HOWEVER, I prefer to believe Mrs. Haley's supportive statements at the Republican convention and during Trump's post-election breakdown have a different explanation. That gets me back to my "Invasion of the Body Snatchers" theory. Maybe one of those pods that Kevin McCarthy was yelling about has replaced Nikki Haley.

Maybe that's why, during the convention, the Nikki Haley pod delivered a pathetic speech, using herself as an example to prove America is not a racist country. She was born Nimrata Randhawa, daughter of two immigrants from India. Because her skin was a couple of shades darker than her white classmates, she put herself in the role of a black American. She made it to the top, thus there is no racism rampant in the land.

She went on to tell a vastly oversimplified version of how, in 2015, the Confederate flag was finally removed from the flagpole on the statehouse grounds in Columbia, South Carolina, as if to say, "See how easy that was!" It only took 150 years.

Then, after the Atlantic magazine article revealed the extent of Donald Trump's disdain for American servicemen, Haley went public in denying Trump feels the way he was portrayed in the article, and she called upon Joe Biden to take down an internet posting of a quote from that article, which was interesting because (1) the quote was accurate, and (2) Haley, so far as I know, never asked President Trump to remove or apologize for any highly inaccurate statement he made, either directly to the press or via Twitter. Trump went so far as to use doctored footage of Biden in his television ads, and Ms. Haley did not say, "Boo."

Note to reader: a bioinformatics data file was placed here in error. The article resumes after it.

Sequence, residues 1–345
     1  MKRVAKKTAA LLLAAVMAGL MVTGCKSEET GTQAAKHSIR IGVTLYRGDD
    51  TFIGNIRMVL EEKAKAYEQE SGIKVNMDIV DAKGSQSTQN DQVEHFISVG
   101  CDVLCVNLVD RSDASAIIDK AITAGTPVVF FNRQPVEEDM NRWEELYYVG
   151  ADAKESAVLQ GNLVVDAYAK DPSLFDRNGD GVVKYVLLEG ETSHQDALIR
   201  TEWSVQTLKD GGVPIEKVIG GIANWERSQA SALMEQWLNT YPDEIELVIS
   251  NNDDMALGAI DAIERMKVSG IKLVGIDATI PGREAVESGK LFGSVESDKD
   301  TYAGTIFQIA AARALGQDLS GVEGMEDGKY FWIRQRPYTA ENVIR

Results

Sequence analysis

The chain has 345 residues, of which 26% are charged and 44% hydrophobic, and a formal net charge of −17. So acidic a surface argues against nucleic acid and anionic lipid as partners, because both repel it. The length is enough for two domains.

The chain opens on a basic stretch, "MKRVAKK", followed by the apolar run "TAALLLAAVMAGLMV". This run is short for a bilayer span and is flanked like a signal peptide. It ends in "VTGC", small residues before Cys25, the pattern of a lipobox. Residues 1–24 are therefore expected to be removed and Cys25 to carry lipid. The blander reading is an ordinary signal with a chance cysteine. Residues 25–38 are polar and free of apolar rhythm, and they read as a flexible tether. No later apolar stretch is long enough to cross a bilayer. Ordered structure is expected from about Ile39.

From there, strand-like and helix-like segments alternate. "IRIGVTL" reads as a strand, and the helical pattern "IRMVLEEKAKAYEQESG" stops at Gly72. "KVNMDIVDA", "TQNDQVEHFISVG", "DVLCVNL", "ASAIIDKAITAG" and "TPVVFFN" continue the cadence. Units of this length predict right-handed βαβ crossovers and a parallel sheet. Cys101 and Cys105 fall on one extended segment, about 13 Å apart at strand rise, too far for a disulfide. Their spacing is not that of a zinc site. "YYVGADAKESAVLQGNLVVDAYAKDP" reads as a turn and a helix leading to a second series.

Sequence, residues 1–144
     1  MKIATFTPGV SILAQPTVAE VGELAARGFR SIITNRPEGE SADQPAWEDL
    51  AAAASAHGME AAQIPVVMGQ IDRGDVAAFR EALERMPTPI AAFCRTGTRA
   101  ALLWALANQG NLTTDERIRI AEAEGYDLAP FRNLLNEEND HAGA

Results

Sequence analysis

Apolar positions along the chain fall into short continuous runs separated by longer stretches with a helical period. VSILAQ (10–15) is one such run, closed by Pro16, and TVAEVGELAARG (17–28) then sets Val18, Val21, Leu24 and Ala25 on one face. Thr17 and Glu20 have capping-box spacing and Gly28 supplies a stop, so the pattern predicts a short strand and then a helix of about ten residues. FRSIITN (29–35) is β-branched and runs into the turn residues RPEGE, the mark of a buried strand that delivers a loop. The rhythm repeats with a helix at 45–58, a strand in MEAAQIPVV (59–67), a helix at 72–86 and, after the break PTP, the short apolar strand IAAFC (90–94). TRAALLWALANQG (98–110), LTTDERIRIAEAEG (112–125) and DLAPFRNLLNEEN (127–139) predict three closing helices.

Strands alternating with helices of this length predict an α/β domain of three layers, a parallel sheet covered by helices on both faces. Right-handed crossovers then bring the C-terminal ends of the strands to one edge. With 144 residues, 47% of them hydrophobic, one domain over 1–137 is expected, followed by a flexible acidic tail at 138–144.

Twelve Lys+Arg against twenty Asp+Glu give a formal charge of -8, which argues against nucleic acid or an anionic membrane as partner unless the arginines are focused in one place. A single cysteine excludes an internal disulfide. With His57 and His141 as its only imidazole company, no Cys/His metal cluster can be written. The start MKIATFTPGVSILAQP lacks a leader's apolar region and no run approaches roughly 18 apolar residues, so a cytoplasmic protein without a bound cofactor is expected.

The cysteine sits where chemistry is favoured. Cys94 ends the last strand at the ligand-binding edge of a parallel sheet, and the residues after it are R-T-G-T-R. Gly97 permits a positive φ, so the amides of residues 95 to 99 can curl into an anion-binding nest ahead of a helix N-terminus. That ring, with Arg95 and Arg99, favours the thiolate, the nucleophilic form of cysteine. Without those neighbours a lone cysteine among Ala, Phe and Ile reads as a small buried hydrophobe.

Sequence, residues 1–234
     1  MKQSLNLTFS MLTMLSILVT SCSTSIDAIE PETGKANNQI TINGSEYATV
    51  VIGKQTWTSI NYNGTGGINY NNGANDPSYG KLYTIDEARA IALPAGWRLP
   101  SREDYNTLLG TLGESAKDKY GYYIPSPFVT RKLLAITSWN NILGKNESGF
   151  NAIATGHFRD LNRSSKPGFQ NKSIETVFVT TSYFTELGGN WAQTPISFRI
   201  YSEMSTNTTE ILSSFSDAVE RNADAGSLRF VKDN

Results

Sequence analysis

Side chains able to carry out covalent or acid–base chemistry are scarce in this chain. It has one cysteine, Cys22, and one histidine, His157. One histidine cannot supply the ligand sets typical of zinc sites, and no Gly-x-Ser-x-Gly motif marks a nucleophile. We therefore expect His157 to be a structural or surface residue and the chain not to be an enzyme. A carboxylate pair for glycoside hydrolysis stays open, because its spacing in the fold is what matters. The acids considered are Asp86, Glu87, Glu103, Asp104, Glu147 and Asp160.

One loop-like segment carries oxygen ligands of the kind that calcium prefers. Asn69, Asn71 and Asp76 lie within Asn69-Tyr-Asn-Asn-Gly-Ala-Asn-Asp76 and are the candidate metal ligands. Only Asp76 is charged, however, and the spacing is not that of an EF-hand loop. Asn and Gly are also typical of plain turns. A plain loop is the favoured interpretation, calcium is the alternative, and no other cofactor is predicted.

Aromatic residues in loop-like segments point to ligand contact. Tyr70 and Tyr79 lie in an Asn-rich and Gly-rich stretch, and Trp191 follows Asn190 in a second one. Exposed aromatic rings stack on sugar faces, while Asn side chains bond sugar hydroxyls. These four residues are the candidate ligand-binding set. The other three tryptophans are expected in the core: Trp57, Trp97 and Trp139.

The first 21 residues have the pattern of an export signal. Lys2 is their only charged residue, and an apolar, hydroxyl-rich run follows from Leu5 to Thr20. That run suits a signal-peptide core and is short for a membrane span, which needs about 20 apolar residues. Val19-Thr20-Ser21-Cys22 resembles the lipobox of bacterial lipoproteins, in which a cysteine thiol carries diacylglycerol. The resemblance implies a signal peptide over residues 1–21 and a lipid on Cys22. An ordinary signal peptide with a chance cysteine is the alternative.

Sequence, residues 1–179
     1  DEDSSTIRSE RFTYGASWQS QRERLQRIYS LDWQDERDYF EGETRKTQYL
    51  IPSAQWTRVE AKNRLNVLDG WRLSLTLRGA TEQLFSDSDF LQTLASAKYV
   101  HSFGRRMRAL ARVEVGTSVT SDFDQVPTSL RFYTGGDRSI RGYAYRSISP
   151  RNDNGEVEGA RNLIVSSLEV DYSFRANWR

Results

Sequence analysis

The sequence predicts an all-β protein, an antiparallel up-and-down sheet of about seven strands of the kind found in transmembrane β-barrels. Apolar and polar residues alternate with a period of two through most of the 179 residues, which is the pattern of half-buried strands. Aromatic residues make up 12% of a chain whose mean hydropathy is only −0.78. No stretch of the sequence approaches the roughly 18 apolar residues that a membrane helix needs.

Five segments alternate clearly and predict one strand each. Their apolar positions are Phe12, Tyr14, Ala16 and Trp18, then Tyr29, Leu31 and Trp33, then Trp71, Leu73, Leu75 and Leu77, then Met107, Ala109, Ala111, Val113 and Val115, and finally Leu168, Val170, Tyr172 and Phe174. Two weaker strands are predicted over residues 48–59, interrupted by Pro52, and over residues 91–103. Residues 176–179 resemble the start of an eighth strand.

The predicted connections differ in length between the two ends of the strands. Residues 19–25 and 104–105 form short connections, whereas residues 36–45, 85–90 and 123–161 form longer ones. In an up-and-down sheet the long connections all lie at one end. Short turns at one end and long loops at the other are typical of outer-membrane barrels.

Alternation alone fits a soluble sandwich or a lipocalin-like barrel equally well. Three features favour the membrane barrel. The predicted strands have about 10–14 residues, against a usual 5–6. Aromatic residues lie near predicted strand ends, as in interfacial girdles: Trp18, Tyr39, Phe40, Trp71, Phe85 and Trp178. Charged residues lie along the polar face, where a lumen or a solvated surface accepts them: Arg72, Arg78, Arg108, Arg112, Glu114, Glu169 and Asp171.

ALMOST AS disappointing to me was the appearance at the Republican convention of Lou Holtz, the former football coach, who upset his former bosses at Notre Dame University for the statements he made about Joe Biden's Catholicism, claiming the Democratic candidate was Catholic in name only.

It certainly wasn't Holtz's place to say anything about anyone else's religious beliefs, and he apparently did it as part of a deal to receive the Medal of Freedom, which Trump announced a couple of weeks after the convention.

Why Holtz's shameful behavior disappoints me so much is that we don't have many former Kent State students who become nationally known, especially through sports. There's Nick Saban, now the enormously successful football coach at the University of Alabama, and Julian Edelman, the little guy who proved he could perform in the National Football League.

I happened to attend Kent State University while Holtz was a student. I nearly joined the same fraternity, but lasted only a few days as a Delta Upsilon pledge before I decided Greek life was not for me. I remember seeing Holtz during a couple of his visits to the student newspaper office. He was regarded as a funny guy, and was very well liked. Certainly everyone laughed at his jokes.

He was on the football team for a couple of seasons, but I don't remember him as a player. The only reason I remembered his name was because it was the same as a comedian who'd show up from time to time on television. I even thought they might be father and son.

KENT STATE Lou Holtz went on to have a very successful career as a coach, and continued to amuse people with his witty comments. But his dealings with Trump this summer have soured me, both for what Holtz said and why. In any list of Medal of Freedom winners, there should be an asterisk next to Lou Holtz's name.

Donald Trump is such a disgusting person that it's easy to suspect people who support him have been blackmailed to do so. I guess one of my problems is I've watched "Mr. Smith Goes to Washington" too many times. Guys like Trump aren't supposed to prevail, because we trust Americans to see phonies for what they are. Unless, of course, those Americans are pod people.